JIS News

Discussions between the Consumer Affairs Commission (CAC) and the Jamaica Bankers’ Association (JBA) on a draft voluntary Banking Code of Conduct, are at an advanced stage.

The proposed Code of Conduct, drafted in 2011 under a Consumers International/Inter-American Development Bank (IDB) project, recommends principles and rules governing the manner in which banking institutions should operate, particularly in relation to their clients and other stakeholders.

Speaking at a World Consumer Rights Day media briefing at the Ministry of Industry, Investment and Commerce, in  New Kingston, on March 15, CAC Chairperson, Lorna Green, said the draft document, which is consistent with international best practices, outlines minimum service standards required of banks, in better protecting consumers’ interests. She expressed the hope that the parties would sign on off on the document soon.

Industry, Investment and Commerce Minister, Hon. Anthony Hylton, who also addressed the media briefing, noted that the proposed code aims to encourage higher standards, promote transparency, and avoid conflict, within the banking industry.

Key commitments under the proposal, he pointed out, include: full access by consumers to all services provided by banking institutions; displays of service standards by institutions at all their branches and on their websites, inclusive of average waiting times in banking, response times to complaints or queries, and turnaround for service applications.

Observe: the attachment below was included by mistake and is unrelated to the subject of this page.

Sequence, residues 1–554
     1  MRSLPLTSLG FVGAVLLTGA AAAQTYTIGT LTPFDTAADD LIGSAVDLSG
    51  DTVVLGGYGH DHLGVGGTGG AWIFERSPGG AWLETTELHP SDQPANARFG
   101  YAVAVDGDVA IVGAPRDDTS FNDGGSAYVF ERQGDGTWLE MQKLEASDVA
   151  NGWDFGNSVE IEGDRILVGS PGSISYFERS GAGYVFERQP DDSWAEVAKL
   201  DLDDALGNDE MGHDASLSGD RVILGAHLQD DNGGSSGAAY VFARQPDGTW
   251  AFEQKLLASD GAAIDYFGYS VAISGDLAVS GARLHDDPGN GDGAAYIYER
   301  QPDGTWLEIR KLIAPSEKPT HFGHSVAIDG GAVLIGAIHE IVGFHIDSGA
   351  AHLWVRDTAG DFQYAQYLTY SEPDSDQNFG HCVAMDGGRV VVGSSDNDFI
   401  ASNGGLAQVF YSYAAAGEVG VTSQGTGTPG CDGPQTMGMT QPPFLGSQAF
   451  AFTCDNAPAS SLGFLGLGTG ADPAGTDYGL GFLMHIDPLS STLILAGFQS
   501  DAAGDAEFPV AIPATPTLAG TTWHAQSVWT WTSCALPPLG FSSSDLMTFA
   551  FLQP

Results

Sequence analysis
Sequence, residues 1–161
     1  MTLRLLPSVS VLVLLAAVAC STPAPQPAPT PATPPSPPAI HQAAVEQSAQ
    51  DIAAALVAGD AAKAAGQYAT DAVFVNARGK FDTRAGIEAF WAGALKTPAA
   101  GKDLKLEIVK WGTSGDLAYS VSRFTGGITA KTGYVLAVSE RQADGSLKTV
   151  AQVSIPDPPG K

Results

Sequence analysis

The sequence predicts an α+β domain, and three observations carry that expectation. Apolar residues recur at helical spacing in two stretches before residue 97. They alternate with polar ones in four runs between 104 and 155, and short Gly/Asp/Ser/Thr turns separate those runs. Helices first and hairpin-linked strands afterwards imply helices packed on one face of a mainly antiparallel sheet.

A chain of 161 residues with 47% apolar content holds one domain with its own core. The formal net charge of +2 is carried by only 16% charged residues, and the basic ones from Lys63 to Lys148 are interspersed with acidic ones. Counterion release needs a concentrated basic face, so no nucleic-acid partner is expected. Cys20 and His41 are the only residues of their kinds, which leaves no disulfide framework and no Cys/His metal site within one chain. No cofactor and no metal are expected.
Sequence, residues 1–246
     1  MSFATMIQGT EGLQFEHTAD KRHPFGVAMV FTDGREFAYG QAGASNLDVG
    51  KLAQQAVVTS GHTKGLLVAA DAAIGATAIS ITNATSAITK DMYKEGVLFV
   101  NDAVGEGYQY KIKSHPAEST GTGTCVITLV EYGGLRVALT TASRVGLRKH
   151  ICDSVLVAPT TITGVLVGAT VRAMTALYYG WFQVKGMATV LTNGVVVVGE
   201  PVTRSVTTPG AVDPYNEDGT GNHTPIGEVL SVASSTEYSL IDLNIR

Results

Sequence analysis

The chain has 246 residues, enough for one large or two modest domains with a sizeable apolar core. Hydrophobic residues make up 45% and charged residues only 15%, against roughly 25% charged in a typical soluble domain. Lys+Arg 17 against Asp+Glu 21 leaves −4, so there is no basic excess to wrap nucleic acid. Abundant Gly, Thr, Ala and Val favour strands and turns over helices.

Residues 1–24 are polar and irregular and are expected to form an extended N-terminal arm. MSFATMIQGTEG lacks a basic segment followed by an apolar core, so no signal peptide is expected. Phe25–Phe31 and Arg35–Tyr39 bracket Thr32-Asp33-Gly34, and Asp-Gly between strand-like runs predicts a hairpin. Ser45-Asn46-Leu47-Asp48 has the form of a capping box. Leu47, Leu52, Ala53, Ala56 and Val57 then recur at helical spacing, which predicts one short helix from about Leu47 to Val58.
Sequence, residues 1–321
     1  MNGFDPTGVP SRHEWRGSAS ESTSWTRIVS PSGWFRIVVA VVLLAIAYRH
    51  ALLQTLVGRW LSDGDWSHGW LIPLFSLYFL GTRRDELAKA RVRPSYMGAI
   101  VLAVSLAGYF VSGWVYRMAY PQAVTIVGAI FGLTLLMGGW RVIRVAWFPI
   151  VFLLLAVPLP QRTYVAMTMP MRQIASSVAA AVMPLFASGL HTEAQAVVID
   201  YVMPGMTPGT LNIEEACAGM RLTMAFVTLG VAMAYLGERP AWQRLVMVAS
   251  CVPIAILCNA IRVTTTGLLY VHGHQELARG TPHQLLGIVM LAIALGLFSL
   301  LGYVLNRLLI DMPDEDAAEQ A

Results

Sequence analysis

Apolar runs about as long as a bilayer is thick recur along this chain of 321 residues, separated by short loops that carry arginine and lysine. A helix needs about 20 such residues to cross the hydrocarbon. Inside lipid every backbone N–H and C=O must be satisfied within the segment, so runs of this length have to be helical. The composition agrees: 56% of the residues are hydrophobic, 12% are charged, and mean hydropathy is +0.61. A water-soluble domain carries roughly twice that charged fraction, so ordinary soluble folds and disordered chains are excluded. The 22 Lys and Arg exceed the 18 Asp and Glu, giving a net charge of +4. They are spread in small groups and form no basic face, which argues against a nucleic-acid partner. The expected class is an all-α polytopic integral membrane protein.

“In addition, the banks will ensure that their staff is trained to courteously, competently, and efficiently discharge their functions. They will encourage the use of banking solutions, particularly for services which have reduced or no user-associated costs,” the Minister stated.

Regarding contracts, Mr. Hylton said the banks are expected to ensure that these are fair and that rights and responsibilities are explicitly outlined. He pointed out, however, that the bank cannot unilaterally change the terms of a contract, adding that where this becomes necessary, clients be given at least 30 days notice.

The proposed code will also facilitate the establishment of an internal resolution process, to address disputes, at no cost to the client.

Mr. Hylton pointed out that where a breach of the code results in the client suffering financial loss, “the bank will compensate the consumer accordingly.” He added that if the breach results in no such loss, “the bank may offer restitution, in keeping with good customer standards.”

“The code is being advocated from the perspective of protection of the consumer, and the CAC will continue to engage in dialogue with the Jamaica Bankers’ Association,” the Minister said.

 

By Douglas Mcintosh, JIS Reporter